Crane certification issues not ‘clear-cut,’ article source says
The issues surrounding OSHA’s proposed delay of the Cranes and Derricks in Construction Standard are not as clear-cut as the recent article “Refining the requirements” (July 2013) portrays. The regulation took years to develop and was widely supported by the industry, even after it was published in 2010. Since then, extensive California and Ontario studies report 80 percent fewer deaths and 50 percent fewer accidents. Much of the debate surfaced only after special interest groups realized not all certification organizations met the requirements of the regulation. The regulation is an important step forward in creating a safer work environment. With certification by type and capacity, employers and crane operators have the tools to reduce accidents.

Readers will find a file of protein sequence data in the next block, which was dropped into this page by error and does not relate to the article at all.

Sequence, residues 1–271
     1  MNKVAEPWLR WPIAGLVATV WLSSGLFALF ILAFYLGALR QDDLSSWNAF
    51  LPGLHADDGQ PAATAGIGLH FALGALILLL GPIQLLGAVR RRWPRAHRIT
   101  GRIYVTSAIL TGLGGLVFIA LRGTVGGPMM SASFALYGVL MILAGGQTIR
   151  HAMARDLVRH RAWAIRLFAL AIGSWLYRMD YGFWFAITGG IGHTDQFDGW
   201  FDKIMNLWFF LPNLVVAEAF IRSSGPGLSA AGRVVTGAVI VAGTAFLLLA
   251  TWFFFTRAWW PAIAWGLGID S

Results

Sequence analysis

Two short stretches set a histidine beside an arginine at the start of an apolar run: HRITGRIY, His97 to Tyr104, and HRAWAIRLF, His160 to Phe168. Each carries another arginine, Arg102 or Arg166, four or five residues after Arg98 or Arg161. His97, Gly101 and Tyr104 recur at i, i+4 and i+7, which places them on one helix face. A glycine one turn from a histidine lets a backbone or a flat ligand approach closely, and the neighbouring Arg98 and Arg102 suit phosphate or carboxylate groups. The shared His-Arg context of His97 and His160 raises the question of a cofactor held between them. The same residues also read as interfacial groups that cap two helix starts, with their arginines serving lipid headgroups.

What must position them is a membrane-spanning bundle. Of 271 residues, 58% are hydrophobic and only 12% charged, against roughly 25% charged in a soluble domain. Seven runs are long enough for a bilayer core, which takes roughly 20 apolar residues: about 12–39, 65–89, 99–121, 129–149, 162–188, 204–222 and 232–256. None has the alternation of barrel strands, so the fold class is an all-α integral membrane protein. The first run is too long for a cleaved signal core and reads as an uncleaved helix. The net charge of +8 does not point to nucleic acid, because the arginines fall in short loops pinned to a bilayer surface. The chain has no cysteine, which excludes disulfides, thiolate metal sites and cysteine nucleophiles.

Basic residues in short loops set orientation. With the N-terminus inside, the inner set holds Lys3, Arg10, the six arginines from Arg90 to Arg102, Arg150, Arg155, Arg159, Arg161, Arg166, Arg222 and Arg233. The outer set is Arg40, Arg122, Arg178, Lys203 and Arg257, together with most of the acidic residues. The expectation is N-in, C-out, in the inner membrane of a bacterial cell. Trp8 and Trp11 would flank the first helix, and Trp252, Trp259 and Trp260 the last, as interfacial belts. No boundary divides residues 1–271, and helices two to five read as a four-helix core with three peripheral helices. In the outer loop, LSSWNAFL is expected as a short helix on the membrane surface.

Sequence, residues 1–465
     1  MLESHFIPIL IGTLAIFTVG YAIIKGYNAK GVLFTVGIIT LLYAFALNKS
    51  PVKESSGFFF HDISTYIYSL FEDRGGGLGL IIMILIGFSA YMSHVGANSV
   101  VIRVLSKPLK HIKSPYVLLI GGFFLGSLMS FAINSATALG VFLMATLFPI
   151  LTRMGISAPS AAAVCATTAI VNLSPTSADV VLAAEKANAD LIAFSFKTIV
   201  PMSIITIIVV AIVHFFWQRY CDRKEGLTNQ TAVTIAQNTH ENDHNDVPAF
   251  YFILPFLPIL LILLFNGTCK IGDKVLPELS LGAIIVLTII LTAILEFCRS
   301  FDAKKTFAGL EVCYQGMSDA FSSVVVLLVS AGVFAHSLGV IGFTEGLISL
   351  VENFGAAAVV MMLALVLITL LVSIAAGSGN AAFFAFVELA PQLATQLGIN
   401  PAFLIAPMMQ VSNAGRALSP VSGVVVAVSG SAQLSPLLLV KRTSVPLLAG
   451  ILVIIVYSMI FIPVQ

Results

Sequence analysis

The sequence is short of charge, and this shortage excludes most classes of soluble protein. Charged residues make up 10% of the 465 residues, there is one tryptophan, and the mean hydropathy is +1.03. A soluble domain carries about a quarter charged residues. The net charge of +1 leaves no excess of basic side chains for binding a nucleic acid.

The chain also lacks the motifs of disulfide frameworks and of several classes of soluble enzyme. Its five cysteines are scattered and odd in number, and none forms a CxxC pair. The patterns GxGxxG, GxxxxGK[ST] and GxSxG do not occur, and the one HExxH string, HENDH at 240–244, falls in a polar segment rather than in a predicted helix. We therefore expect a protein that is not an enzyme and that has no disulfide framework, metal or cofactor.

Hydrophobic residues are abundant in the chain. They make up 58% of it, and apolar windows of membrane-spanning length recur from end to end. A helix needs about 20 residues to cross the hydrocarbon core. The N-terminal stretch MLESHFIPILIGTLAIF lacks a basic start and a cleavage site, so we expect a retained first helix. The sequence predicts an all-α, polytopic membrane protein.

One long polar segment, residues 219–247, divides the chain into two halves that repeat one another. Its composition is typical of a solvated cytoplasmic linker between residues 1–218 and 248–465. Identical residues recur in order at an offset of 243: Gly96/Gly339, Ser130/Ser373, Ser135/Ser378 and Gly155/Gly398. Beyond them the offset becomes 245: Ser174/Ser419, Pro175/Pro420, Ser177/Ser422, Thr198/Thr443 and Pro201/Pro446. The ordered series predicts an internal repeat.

I stand by my comments in the article regarding certification versus qualification but would like to clarify my position on the type and capacity of crane requirement.
CIC has certified operators by type and capacity since 2007, years before the OSHA regulation was published. Capacity testing was included as integral to CIC’s testing because subject matter experts determined that this type of testing has value for the employer and the operator. Certification that distinguishes various skill levels provides a respected credential for operators and communicates to employers the level of qualification an operator has achieved. CIC’s certifications are provided in ranges of capacity and do not require testing any specific make or model of crane. It does not add “more testing” and it is not “expensive.” In fact, CIC certifications by type and capacity are the most affordable in the industry. Delaying or eliminating the rule increases safety risks to workers. I encourage OSHA to stand by the rule as it is written.
Crane Institute Certification